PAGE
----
Break Media Pivots From Sexy Photos and Prank Videos to Sci-Fi Movie With Lorenzo di Bonaventura

Break Media Pivots From Sexy Photos and Prank Videos to Sci-Fi Movie With Lorenzo di Bonaventura

Break Media is going from hosting user-generated content to producing dozens of original shows

Over the past year, Break Media has shifted from being a collector of user-generated videos with a decidedly male appeal into making shows of its own. No project encapsulates the changes better than “Higher Power,” Break's first feature-length project, which it is producing with Hollywood heavyweight Lorenzo di Bonaventura.

Break will release the movie in chapters like similar high-concept shows “Cybergeddon” (from “CSI” creator Anthony Zuiker and distributed on Yahoo) and Warner Bros.' “H+” (produced by “The Usual Suspects” director Bryan Singer).

By filming at feature-length, Break can sell “Higher Power” to domestic TV channels and to overseas networks, two in a litany of ancillary revenue streams that can offset the costs of the show.

“For the first time we're seeing an opportunity to make really good content and generate real revenue,” CEO Keith Richman told TheWrap. “That was never the case before.”

The project is one of 30 original programs the 15-year-old company, which has amassed more than 30 million monthly visitors across its channels, is producing this year. Break's series range from comedian Paul F. Tompkins talking with celebrities in “Speakeasy” to an action series called “Armed Response.”

“We can shoot 30 things a year and know our sales team and our various array of products puts us in a position to monetize it in a lot of ways,” Richman told TheWrap. “All the trends are aligning for us to be able to do a lot more.”

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If "Higher Power" marks a new venture for Break, it is even more unusual for di Bonaventura (left), the former president of production at Warner Bros. and producer of successful film franchises like “Transformers” and “G.I. Joe.”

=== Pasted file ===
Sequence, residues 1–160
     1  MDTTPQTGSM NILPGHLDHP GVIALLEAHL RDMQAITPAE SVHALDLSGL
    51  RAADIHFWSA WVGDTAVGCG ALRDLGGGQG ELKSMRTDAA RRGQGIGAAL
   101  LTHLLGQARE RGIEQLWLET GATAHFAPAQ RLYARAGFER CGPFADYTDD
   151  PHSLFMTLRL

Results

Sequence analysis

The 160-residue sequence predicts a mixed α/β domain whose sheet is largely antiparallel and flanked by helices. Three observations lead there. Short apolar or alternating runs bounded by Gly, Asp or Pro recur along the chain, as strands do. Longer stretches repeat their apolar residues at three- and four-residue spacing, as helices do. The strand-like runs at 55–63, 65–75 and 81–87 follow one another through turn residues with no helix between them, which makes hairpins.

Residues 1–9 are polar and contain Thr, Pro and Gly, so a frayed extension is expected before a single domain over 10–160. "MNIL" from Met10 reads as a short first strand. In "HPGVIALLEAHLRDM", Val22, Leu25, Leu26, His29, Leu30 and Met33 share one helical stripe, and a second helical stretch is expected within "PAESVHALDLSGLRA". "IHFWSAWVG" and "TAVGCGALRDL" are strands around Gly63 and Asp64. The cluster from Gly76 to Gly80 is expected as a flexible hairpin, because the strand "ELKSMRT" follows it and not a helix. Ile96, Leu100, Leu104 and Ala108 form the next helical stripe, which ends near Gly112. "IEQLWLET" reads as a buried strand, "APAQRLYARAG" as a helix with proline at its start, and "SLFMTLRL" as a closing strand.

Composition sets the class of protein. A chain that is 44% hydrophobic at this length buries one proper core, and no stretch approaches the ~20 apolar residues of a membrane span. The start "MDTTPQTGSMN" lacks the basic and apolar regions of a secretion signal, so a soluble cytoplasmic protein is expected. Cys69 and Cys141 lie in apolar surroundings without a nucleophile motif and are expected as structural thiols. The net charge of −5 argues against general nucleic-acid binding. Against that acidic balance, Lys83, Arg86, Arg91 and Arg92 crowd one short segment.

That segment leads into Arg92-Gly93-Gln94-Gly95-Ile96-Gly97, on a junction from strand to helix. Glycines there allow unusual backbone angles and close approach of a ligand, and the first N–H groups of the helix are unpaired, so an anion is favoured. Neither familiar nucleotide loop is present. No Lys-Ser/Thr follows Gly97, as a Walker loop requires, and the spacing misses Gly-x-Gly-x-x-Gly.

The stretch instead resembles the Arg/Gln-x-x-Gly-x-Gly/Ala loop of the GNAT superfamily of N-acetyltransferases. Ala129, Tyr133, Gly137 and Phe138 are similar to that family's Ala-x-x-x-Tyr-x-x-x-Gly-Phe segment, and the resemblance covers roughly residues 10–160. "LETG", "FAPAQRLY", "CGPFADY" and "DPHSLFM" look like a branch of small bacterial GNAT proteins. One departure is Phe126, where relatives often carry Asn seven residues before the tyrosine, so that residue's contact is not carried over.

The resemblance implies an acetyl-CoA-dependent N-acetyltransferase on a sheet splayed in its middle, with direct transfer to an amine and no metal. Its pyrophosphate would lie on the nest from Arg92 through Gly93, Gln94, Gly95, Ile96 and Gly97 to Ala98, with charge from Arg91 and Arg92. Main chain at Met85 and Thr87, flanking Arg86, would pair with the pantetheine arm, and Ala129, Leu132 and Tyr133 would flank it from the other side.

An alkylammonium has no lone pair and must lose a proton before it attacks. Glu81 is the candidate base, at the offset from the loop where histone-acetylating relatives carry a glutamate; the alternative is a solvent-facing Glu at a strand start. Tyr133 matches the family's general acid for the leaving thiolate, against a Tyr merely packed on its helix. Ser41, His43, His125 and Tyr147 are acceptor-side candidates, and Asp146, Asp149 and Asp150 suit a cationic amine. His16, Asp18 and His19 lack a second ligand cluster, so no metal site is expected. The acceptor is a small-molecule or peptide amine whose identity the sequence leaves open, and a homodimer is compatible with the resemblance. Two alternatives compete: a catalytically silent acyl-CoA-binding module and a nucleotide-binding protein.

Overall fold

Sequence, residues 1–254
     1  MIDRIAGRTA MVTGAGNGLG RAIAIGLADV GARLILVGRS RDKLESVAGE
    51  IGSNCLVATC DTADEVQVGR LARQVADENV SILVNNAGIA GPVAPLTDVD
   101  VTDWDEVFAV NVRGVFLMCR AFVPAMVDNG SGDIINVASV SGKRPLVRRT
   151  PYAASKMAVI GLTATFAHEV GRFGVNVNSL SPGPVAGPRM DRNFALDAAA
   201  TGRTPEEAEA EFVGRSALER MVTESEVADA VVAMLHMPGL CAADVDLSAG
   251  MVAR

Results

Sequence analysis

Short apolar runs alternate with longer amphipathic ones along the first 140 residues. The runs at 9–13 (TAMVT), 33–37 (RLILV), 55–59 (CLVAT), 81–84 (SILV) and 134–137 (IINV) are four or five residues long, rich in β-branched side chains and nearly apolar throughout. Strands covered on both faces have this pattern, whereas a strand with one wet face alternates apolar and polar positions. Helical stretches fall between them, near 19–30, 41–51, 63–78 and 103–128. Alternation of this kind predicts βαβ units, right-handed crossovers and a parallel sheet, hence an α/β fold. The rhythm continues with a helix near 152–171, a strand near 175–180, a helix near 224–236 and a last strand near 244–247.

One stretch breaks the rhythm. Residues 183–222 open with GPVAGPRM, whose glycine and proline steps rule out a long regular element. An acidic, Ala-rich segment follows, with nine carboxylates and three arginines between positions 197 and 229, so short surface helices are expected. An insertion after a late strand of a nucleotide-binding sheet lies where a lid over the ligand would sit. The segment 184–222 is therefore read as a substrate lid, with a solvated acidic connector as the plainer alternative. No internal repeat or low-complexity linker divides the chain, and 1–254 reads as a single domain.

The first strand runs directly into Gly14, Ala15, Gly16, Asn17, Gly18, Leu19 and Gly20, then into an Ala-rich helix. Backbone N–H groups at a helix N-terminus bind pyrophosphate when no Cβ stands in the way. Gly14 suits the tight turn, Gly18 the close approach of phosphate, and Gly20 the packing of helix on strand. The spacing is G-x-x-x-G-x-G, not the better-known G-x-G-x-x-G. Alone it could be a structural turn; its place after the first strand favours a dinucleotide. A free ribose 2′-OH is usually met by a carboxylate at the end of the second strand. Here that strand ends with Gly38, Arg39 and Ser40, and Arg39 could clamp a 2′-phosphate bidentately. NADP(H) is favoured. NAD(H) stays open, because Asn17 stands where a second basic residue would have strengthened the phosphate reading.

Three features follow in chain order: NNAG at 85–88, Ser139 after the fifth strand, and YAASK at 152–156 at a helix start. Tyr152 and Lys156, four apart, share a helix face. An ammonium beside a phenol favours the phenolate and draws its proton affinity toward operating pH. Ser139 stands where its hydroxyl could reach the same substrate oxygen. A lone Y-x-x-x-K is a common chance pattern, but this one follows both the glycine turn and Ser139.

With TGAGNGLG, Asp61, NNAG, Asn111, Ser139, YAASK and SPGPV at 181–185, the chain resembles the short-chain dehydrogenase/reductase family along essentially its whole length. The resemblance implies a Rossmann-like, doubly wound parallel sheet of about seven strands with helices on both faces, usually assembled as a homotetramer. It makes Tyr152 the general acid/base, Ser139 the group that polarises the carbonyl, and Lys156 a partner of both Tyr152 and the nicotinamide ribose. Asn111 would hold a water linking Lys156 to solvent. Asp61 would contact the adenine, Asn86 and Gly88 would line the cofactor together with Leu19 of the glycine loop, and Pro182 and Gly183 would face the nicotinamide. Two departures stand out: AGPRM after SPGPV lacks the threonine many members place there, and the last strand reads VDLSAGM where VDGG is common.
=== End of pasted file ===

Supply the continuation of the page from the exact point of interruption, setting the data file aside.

His company has never made a project that appeared online first.

“We never even kicked the tires,” Ed Fee, di Bonaventura's development chief, told TheWrap. “This is groundbreaking for us.”

Yet both Fee and di Bonaventura were attracted to the script. When they saw the visual effects tape (video below) they were immediately interested in working with the director, effects specialist Matt Santoro.

“Matt Santoro is a genius. It's almost like ‘Chronicle’ in how grounded it is,” Fee said, referencing Josh Trank‘s low-budget sci-fi film that grossed more than $120 million.

“It's a bigger, effects-driven spectacle movie at a much smaller price point. We thought it was an exciting opportunity for us and for Lorenzo to get us in that space. It does feel like the future to a degree.”

Greg Siegel, Break's SVP of entertainment development, said it would never have been possible to get someone of di Bonaventura's stature involved in this project even a couple of years ago. Few in Hollywood took online video production seriously, but the difference between now and two years ago is "night and day," he said.

Siegel had already sensed the ground changing. He worked at the talent agency Endeavor for a dozen years before venturing into the online video waters in 2007. 

“There has been a huge drop-off over the past 5-6 years in the number of studio productions,” Siegel told TheWrap. “As that's been happening, there's a growing pool of talented filmmakers, especially in the effects-driven realm, with less opportunity.”

At the same time, Siegel said, viewers have evinced a willingness to watch longer-form, TV-length videos online.

That doesn't mean the costs are comparable. “Higher Power” will still cost less than $1 million.

Di Bonaventura's normal producing fee "is significantly more than our budget on his movie,” Siegel noted. “But he was really attracted by the talent that this kind of distribution is opening up.”